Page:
During the past few weeks there’s been an argument to be made that portions of the real estate marketplace were beginning to return, an argument that may have to be re-thought as a result of the Gulf of Mexico oil spill.
Across Gulf waters and shorelines that were once pristine we now have the threat of a major environmental disaster. Unless the BP oil leak is soon stopped or slowed, the damage to sea life and shore areas will take years to clean up. No less important, the damage will also be economic: A lot of Gulf Coast real estate will become less valuable each day the spill continues.
RigZone.com reports that the Deepwater Horizon, the Gulf rig that toppled over, was built by Hyundai at the Ulsan shipyard in Korea and delivered in 2001. The rig and related systems operated properly for nine years.
An important part of the drilling process is the installation of blowout preventers on the sea floor. Once installed, blowout preventers are then tested with some regularity — the New York Times says officials tested the Deepwater Horizon system just 10 days before the platform sank. (See: Solution to Capping Well Stays Elusive, April 20, 2010)
For some reason all systems failed, and now shrimp, shorelines and swimmers are threatened by a growing tide of oil-soaked waters. Various government officials and industry experts say it may be possible to get the blowout protector working, capture the oil or perhaps cover the well with a cement cocoon. If not, Interior Secretary Ken Salazar says a relief well will resolve the problem within 90 days.
But fixes may not be so easy. The leaking well is in waters that are 5,000 feet deep. An enormous amount of pressure is forcing oil out of the well and capping such seepage is not assured. No less significant, the hurricane season begins June 1.
It will take some time to figure out what happened with the Deepwater Horizon in a technical sense and to determine the extent of environmental damage, but from a real estate perspective the situation is clear: More risk has been introduced into the Gulf Coast marketplace, risk which local residents hardly need.
“This will be a financial calamity for many firms, not just BP and its partners and service providers,” explains David Kotok with Cumberland Advisors, an investment advisory firm based in Sarasota. “Their liabilities are immense and must not be underestimated. The first estimate of $12.5 billion is only a starter.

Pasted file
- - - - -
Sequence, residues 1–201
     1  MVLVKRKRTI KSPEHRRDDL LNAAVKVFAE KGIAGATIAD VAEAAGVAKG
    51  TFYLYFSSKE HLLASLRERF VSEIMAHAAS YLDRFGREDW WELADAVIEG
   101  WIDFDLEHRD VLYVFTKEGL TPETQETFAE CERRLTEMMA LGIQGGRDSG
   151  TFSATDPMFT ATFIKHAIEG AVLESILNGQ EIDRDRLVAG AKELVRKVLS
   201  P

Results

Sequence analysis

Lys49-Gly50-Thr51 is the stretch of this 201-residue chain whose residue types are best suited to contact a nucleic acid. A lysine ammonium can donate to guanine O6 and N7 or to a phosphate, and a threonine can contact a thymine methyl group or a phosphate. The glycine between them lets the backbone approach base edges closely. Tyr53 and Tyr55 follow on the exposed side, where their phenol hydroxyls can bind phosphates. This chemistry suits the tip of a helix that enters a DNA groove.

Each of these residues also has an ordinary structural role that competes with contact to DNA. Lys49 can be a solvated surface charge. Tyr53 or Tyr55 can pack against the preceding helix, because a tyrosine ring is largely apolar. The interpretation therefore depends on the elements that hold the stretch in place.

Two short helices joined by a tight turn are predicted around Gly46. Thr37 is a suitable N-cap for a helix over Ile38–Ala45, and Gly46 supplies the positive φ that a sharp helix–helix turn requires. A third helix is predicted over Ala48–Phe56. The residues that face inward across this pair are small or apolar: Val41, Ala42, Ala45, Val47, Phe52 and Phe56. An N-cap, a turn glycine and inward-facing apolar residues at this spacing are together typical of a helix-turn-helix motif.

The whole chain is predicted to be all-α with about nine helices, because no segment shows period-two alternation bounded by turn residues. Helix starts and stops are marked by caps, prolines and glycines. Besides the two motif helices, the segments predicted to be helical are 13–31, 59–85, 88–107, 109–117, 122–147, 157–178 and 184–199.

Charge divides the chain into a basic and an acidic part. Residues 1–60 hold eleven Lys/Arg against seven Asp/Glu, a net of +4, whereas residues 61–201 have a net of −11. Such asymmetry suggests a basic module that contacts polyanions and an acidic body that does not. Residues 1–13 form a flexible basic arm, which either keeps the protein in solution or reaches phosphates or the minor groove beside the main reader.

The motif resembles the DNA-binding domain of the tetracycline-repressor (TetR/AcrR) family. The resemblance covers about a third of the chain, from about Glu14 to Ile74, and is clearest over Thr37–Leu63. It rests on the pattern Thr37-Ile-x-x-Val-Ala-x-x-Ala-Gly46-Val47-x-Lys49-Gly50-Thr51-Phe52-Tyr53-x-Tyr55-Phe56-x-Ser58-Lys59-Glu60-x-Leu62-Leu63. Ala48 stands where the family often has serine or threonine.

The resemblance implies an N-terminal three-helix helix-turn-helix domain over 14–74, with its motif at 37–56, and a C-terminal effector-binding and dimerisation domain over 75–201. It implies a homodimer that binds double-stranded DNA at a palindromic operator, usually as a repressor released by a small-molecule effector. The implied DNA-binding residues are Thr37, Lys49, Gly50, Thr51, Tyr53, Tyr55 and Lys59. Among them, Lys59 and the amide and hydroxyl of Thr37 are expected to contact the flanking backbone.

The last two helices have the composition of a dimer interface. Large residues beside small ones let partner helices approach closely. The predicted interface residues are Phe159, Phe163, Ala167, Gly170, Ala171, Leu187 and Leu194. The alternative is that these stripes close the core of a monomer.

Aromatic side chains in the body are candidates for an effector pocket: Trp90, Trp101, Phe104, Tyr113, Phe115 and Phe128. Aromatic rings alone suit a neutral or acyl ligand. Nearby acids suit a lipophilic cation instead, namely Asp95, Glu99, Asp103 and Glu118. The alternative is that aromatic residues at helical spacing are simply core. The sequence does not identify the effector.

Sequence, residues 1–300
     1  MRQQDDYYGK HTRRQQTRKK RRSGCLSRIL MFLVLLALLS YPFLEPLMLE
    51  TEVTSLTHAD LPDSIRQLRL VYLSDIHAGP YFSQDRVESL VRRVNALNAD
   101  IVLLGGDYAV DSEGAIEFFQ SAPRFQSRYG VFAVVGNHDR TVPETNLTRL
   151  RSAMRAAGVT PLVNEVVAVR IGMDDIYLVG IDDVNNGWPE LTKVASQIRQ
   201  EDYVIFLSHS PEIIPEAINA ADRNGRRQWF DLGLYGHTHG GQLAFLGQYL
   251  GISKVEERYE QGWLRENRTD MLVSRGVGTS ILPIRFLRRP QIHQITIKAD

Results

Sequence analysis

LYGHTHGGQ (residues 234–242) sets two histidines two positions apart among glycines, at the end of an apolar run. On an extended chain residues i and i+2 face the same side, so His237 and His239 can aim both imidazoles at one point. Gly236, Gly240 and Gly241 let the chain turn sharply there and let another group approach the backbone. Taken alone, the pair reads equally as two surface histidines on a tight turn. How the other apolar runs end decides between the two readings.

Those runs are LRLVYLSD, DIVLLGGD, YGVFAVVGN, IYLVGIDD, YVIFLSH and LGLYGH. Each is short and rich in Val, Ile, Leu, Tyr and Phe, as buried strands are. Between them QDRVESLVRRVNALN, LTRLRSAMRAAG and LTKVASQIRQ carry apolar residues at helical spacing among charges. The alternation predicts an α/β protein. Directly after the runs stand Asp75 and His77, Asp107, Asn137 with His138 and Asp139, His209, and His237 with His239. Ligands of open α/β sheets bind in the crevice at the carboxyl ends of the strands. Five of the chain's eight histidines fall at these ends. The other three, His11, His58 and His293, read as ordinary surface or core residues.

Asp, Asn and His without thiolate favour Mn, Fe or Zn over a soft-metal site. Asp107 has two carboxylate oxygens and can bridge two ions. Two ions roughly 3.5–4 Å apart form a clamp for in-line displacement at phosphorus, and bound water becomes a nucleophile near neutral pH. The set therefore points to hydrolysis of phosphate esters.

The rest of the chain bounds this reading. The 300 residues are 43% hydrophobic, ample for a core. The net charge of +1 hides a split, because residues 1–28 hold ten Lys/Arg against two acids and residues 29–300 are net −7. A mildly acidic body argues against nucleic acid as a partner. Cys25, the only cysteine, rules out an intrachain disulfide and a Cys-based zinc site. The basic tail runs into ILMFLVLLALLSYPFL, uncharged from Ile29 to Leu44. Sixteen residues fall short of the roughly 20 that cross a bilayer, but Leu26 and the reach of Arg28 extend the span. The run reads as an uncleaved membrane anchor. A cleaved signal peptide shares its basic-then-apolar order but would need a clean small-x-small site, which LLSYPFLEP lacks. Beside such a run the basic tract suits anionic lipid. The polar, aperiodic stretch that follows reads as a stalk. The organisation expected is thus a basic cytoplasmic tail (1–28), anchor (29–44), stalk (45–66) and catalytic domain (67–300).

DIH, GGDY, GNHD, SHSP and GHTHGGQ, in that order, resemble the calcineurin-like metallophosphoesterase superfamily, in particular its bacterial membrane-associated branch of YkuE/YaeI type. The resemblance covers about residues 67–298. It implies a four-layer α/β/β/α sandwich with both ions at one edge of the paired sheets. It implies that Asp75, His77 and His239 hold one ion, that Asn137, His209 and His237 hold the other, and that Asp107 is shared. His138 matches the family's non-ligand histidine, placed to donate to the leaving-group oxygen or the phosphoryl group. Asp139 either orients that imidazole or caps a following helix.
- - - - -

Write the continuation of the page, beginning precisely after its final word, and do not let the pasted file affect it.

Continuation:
“Thousands of small and independent businesses as well as larger public companies in tourism are hurt here. This is not just about the source of half the nation’s shrimp. That is already a casualty. It’s also about the bank loans for the $200,000 shrimp boat and the house the boat owner and/or his employees live in and the fact that this stockpiles on a fragile financial system that is trying to recover from a three-year financial crisis.”
You can see where this is going. Oil pollution on a Gulf-wide scale means fewer jobs, less economic activity and steeper energy costs. Unless the spill can be quickly resolved, the result will be a substantial decline in property values along the Gulf Coast.
The Gulf-side communities of Cape Coral, Fort Myers and Naples in Florida are already among the largest metro foreclosure centers in the country according to RealtyTrac. Other areas along the Gulf will face tough times if the leak continues and pollution spreads.
But will there actually be more foreclosures in the event of a worst-case scenario? The answer is not so certain.
Foreclosures and Short Sales
“As we’ve seen in the past, disasters tend to behave in ways different than normal times,” says RealtyTrac senior vice president Rick Sharga. “Remember when hurricanes Katrina, Rita and Wilma hit the same region a few years ago? After the floods, foreclosure activity virtually dried up. There are still thousands of vacant homes in various stages of disrepair that are in a state of limbo: not occupied, no one making payments, but not in foreclosure either. I’m not sure we won’t see the same sort of thing this time.”
In effect, local markets along the Gulf Coast were so battered after the 2005 hurricane season that it made no sense for lenders to foreclose. Why bother to take title when values had been undermined and buyers could not be found? Why not allow people to stay in their homes to keep up maintenance and prevent vandalism?
What will likely make sense in the event of major environmental damage would be an increase in local short sales. Such deals would get owners out from the burden of their homes while lenders would not have to expand foreclosure rosters or endure further losses.
As this is written there’s been little damage to shorelines and beaches. Hopefully, tides and weather patterns will continue to protect coastal areas. Hopefully the leak will somehow be contained or shut off in far less than 90 days. But regardless of which way the winds blow, damage along the Gulf Coast is already apparent. A new element of risk has been added to coastal real estate, and more risk is hardly the way to push up property values.
Peter G. Miller is syndicated in more than 100 newspapers and operates the consumer real estate site, OurBroker.com.